the burgeoning HUGE market for MONSTER screen HD TVs and the HD players needed
to store and play the new class of videos – already being delivered – at no
increase in cost – by Netflix.
(Keep “short term” in mind.) It is clearly a
replay of the Sony Beta vs. JVC VHS format wars. And this time the two sides
are named: Blu-Ray (also called BD) vs. HD-DVD.
There are great similarities and some serious,
serious, differences. Note the two “seriouses.” Between the "Blu-Ray (BD)
and "HD DVD discs."
First off -- They BOTH use burning and playing
technologies that (more or less) EXIST TODAY, but with different takes on disc
construction and burner production and manufacture.
Second -- Both use blue/violet lasers of 405
Nm (nanometer) wavelength. This, alone, permits AT LEAST 2.6 times the data
density over a current DVD’s RED laser of 620 Nm. But there are further
differences explained below.
The numbers indicate smaller wavelength, which
equals closer packing of smaller data dots (bits), which translates into an
INSTANT advantage in data storage of video or other information.
Third -- They are BOTH capable of recording a
full length HDTV film in exquisite quality, plus many of the “normal” add-ons
of DVD merchandising, like commentaries and behind-the-scene looks, multiple
languages and camera angles and more.
Fourth -- They would BOTH greatly improve the
optical disk capabilities for computer data as well. BUT -------
THE DIFFERENT BLUE DEVILS ARE IN THE
Their differences result from their two
approaches to technology. The HD DVD school -- wants to build burners and
discs that they can reproduce by the millions using only slightly modified current
disc stamping equipment, even if this means that they can’t produce the same
capacity or bit rate as Blu-Ray discs.
also means that the DVD PIRATES will be able to continue their piracy without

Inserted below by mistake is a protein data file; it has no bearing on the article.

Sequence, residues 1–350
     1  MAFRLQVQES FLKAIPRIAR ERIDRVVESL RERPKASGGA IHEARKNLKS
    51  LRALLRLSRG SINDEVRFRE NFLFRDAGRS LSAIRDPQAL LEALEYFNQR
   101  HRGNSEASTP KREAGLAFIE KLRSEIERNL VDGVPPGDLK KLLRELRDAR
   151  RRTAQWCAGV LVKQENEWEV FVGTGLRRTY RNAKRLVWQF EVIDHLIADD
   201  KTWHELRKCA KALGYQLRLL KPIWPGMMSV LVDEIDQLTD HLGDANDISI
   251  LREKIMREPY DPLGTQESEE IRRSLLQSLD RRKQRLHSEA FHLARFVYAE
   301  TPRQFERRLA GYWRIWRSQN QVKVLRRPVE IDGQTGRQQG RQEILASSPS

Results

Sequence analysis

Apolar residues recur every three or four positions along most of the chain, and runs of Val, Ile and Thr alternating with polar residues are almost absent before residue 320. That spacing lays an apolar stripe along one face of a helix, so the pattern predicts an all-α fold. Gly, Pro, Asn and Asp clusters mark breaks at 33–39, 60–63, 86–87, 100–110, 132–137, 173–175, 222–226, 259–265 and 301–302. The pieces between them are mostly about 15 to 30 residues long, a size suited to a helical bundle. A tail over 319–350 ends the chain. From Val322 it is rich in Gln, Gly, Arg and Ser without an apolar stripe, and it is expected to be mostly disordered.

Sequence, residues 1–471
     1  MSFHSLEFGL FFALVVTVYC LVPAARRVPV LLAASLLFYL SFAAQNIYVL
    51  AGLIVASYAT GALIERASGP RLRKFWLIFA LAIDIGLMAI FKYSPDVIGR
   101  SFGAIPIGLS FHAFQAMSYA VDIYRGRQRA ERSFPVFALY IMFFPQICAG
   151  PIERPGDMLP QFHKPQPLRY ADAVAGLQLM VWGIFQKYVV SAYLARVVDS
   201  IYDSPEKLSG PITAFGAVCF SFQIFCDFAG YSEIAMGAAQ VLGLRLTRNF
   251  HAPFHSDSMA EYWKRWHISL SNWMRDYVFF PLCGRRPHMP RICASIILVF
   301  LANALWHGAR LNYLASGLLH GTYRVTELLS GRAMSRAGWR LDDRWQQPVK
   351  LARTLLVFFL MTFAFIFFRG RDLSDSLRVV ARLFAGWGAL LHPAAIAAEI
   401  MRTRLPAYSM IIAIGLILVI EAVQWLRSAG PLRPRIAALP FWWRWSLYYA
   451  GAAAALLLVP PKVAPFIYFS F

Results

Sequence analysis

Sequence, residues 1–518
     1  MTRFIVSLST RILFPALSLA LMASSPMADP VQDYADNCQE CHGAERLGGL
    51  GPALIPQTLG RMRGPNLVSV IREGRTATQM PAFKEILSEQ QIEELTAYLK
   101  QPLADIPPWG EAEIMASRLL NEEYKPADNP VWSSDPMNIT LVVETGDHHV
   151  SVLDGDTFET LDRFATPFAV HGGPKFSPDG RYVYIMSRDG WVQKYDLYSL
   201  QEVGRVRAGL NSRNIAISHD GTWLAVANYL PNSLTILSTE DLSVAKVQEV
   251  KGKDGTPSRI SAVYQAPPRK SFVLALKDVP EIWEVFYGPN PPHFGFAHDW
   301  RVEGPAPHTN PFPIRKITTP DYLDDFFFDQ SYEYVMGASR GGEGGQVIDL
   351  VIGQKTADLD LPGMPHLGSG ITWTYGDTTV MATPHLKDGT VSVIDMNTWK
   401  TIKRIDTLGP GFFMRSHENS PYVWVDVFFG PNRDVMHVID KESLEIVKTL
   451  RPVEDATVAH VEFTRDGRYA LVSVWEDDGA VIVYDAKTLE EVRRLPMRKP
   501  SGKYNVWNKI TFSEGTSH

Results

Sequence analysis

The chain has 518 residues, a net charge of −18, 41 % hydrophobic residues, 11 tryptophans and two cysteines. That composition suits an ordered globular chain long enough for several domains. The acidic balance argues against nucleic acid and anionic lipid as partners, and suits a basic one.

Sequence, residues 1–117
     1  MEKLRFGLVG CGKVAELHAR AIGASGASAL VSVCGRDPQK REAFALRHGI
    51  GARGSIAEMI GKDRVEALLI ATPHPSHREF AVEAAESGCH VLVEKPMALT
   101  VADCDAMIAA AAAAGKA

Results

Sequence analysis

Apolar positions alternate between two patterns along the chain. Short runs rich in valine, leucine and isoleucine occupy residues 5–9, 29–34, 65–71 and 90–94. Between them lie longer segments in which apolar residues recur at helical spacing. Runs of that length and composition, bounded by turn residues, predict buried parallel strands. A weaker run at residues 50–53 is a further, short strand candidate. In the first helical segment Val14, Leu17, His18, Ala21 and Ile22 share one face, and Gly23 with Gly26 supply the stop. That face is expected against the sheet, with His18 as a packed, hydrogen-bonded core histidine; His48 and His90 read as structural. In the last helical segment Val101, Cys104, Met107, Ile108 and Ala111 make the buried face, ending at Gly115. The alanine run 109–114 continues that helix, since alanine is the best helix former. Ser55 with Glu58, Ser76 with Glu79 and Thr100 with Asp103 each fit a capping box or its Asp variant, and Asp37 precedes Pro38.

having to shift (BUY$$$) costly, new equipment. Good for the thieves but bad
for the studio originators who spend millions PRODUCING, not COPYING original
STORAGE – SIZE DOES COUNT -- BIGGER IS
At this point HD DVD’s maximum storage is 15
GB on a single layer disc and about 30 GB on a double layer disc.
But the Blu-Ray folks have already
advanced to the next stage of optical recording technology. This provides
much greater storage -- 25 GB on a single layer disc and 50 GB on a double
layer disc, meaning that they’re STARTING OUT with a full 40% greater storage
than HD DVD. It also means that they bypassed the older, perhaps obsolete,
technology of their HD DVD competitors.
Remember? I commented earlier about “short
term?” Well, here it is. The HD DVD approach may “work” for “now,” but it
can hardly be expected to be adequate in the very near future. (Next month
Also, even though the fight for deliverables
has hardly begun, the Bu-Ray camp can already provide 166% more bang for the
buck related to Replicated discs (the kind we buy in the store). And even
when the HD-DVD side is doing double layer recording -- this means an
approximate additional 166% advantage of the Blu-Ray discs for recording.
WHICH BLUE FLAVOR TO CHOOSE -- WHICH WILL WIN?
So I ask the question -- If someone were to
offer you a choice between two diamonds of equal beauty, quality and
brilliance, with one being a full 166% LARGER, for the same price, which one
would you pick? (No coaching from the audience, please.)
Or, because I often have need to drive a truck
or a van, if someone offered to sell me a truck that carried more than half
again as much as another truck -- at the same price and if this stronger,
higher capacity truck were the same physical size and weight, got better gas
mileage AND WENT FASTER -- would I need to be Einstein, to figure out which to
choose? I think not!!
While it is clear that, compared to current
red laser DVDS, Blu-Ray and HD DVD are both desirable choices for our
entertainment and data storage -- doesn’t it seem strange that one is already
an advanced technology and the other is, at the moment, not even state of the
And while HD DVD may have enough recording
density for many, if not most, of today’s HD Video titles, it is
clearly NOT the right choice for our growing archival computer data needs.
Please look at the following simple chart:
I have two to four 250 GB drives on each of
the two main computers on my desk, so let’s see just how many of which medium
I need to back up ALL the information on just ONE of my 250 GB drives:
250 GB 1.4 MB
Floppy 178,571 Floppies
250 GB 700 MB
CD 357 CDs
250 GB 4.7 GB
DVD 53.2 DVDs
250 GB 8.5 DL
DVD 29.4 DBL DVDs
250 GB 15 GB HD DVD
250 GB 25 GB Blu-Ray
250 GB 30 GB DL HD-DVD
8.3 DBL HD-DVDs)
250 GB 50 GB DL Blu-Ray
5 DBL Blu-Rays